High Performance Computing & E-science
GRApe + mpraCE (GRACE)
GRACE is a cooperation project, supported by the Volkswagen-Stiftung, with the Technischen Informatik, Lehrstuhl V of the university of Mannheim and the working group Computational Astrophysics at the Universitätssternwarte München. The hybrid-structure of this new type of super-computer combines three elements: a normal 64 prozessor Beowulf PC cluster, special developed computer hardware with fixed-wired gravitational force computation (GRAPE), developed in a project of Japanese astrophysicists at the Univ. of Tokyo, and flexible reprogrammable chips (FPGA, field programmable gate array). A peak performance of 4 Tflop/s computational speed is actually realized for the numerical modelling of dense stellar systems (young star clusters, galactic nuclei with binary Black Holes) and the simulation of turbulence and star formation in galaxies and the interstellar medium. In order to reach this performance for our applications with a usual High Performance Computer a ten times larger peak performance would be necessary, realized today only by the three fastest computers in the Top 500 list.
GAVO is the German contribution to the Virtual Observatory and member of the International Virtual Observatory Alliance (IVOA). IVOA's mission is the development of standards and software to facilitate structured and worldwide access to astronomical resources like data, archives, services, programs, etc. Within IVOA, GAVO's activities focus on simulations and theory as well as catalogue archives. Examples include providing interactive and intuitive access to results of n-body simulations or spectra of hot stars and the publication of astrometric or photometric catalogues. GAVO is funded by the German federal research administration (BMBF); further participants are Universität Tübingen, Max-Planck-Institut für extraterrestrische Physik (MPE) in Garching and Astrophysikalisches Institut Potsdam (AIP).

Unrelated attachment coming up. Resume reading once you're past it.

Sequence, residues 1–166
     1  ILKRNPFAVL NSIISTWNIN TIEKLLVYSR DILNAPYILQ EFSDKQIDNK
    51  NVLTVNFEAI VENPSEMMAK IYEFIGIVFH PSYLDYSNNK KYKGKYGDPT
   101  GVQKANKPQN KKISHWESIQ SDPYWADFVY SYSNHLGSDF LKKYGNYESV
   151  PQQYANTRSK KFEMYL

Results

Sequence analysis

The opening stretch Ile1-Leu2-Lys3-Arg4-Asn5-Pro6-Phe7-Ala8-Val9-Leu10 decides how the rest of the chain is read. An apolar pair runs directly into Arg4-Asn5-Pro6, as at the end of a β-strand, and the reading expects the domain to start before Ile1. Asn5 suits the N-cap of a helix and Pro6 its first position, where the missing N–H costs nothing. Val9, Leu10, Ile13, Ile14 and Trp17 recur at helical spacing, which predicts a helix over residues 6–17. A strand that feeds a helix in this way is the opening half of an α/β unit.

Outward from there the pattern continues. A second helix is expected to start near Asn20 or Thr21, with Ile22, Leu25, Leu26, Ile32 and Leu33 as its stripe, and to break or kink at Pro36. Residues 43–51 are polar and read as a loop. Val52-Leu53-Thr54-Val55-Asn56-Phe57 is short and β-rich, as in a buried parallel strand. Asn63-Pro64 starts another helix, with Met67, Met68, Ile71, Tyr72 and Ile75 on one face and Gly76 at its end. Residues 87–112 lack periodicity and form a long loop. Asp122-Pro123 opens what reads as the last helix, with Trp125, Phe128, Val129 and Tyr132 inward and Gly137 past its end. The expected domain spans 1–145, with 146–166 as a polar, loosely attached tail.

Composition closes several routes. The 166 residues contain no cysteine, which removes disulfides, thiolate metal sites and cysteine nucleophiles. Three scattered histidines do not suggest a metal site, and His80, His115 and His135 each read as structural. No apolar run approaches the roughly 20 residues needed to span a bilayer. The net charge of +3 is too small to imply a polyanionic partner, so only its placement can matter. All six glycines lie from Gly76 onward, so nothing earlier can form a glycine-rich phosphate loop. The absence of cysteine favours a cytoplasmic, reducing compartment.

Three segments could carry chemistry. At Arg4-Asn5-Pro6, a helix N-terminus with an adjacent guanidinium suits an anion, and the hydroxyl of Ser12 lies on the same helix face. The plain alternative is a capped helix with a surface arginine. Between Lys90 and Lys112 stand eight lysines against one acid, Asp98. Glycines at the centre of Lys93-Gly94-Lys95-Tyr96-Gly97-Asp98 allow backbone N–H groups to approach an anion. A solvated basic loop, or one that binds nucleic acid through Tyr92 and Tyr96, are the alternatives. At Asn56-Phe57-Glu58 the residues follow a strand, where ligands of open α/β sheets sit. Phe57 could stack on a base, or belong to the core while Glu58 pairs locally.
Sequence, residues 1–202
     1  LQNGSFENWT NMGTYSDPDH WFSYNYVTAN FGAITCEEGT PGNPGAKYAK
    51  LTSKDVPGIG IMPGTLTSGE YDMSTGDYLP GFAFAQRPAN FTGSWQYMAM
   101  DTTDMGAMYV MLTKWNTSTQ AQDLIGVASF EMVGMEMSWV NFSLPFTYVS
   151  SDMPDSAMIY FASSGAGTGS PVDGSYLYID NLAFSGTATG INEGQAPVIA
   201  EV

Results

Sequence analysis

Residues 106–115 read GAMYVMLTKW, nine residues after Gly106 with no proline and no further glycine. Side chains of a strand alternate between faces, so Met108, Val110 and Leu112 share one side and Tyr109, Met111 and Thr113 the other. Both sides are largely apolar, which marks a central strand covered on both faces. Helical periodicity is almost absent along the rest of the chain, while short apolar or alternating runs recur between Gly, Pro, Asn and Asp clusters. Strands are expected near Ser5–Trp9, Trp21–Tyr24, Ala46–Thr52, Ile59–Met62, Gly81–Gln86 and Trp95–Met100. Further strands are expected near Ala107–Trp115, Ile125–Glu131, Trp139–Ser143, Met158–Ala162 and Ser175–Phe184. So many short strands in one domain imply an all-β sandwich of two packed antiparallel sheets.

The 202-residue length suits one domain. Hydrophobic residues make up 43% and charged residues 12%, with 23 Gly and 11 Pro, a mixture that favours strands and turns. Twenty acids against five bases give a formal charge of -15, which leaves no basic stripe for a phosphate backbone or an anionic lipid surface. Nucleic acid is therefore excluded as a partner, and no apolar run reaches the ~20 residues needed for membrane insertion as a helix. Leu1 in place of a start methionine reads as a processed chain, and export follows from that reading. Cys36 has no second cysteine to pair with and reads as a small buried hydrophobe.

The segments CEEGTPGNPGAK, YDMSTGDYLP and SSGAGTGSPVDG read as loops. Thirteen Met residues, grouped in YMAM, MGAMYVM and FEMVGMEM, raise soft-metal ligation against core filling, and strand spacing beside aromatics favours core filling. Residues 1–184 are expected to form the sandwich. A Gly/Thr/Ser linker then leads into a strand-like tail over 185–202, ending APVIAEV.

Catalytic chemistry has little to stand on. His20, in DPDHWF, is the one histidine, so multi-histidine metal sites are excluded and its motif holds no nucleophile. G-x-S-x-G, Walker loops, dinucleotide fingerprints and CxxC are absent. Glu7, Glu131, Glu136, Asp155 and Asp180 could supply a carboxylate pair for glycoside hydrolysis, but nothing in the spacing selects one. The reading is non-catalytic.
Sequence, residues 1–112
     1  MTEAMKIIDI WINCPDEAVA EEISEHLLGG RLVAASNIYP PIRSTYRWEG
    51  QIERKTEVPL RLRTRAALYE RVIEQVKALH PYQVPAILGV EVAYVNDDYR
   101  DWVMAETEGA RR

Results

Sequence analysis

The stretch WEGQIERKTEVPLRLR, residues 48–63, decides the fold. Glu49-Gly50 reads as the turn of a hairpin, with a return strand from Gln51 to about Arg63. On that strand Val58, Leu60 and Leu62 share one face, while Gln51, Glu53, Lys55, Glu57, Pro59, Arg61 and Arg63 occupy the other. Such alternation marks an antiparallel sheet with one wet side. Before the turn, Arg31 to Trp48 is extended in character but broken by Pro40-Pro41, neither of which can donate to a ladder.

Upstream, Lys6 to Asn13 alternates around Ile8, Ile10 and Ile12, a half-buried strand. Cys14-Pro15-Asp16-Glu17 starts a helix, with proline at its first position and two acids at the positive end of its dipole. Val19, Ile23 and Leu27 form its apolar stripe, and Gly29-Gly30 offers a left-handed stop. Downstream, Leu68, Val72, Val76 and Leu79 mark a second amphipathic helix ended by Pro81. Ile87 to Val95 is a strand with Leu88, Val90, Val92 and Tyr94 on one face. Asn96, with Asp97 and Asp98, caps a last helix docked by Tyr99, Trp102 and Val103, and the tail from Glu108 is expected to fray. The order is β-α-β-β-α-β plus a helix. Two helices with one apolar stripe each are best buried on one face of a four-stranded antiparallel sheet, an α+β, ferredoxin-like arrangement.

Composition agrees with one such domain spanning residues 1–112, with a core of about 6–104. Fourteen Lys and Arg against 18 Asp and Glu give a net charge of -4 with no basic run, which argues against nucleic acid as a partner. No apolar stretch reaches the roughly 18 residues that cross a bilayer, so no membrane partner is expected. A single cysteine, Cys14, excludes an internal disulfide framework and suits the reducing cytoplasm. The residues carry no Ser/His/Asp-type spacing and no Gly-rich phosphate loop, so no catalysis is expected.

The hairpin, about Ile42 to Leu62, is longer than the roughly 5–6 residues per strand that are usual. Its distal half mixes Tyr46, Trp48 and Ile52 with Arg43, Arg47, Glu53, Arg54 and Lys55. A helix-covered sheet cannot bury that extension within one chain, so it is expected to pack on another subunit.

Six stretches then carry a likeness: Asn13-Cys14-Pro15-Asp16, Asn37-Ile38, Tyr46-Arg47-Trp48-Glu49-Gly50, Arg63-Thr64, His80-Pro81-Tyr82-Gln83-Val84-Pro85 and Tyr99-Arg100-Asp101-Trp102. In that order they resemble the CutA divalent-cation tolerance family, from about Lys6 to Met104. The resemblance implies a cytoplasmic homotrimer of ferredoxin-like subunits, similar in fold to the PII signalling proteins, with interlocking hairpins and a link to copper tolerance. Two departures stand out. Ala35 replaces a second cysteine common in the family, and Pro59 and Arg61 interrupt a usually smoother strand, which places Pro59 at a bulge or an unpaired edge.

AstroGrid-D is a research project in the area "e-Science" and "Grid middleware" for the support of scientific work in the context of the German D-Grid-Initiative. As interdisciplinary partners in the AstroGrid-D, the larger German astronomical research institutes, grid-specific research groups of computer science as well as some high speed computing centres have joined their efforts to get together some strategic goals, which will lead to a general and sustainable Grid-infrastructure, that will be available for all German scientists.
As a D-Grid project, WissGrid’s objective is to establish long-term organizational and technical Grid structures for the academic world. WissGrid combines the heterogeneous needs from a variety of scientific disciplines and develops concepts for the long-term sustainable use of the organizational and technical grid infrastructure. In this context, the project aims to strengthen the organizational cooperation of scientists in the grid and to lower the entry barriers for new community grids. Three key tasks have been identified from WissGrid’s objectives:
1. Operational model for academic grid users
2. Blueprints for new community grids
3. Long-term storage for research data
The ZAH (Zentrum für Astronomie der Universität Heidelberg) is active in the creation of blueprints for the integration of new communities in scientific Grid technology and in the development of sustainable strategies for long-term preservation of research data. In this context, we can build on the experience of the Grid community AstroGrid-D and use the proximity to the German Astrophysical Virtual Observatory GAVO.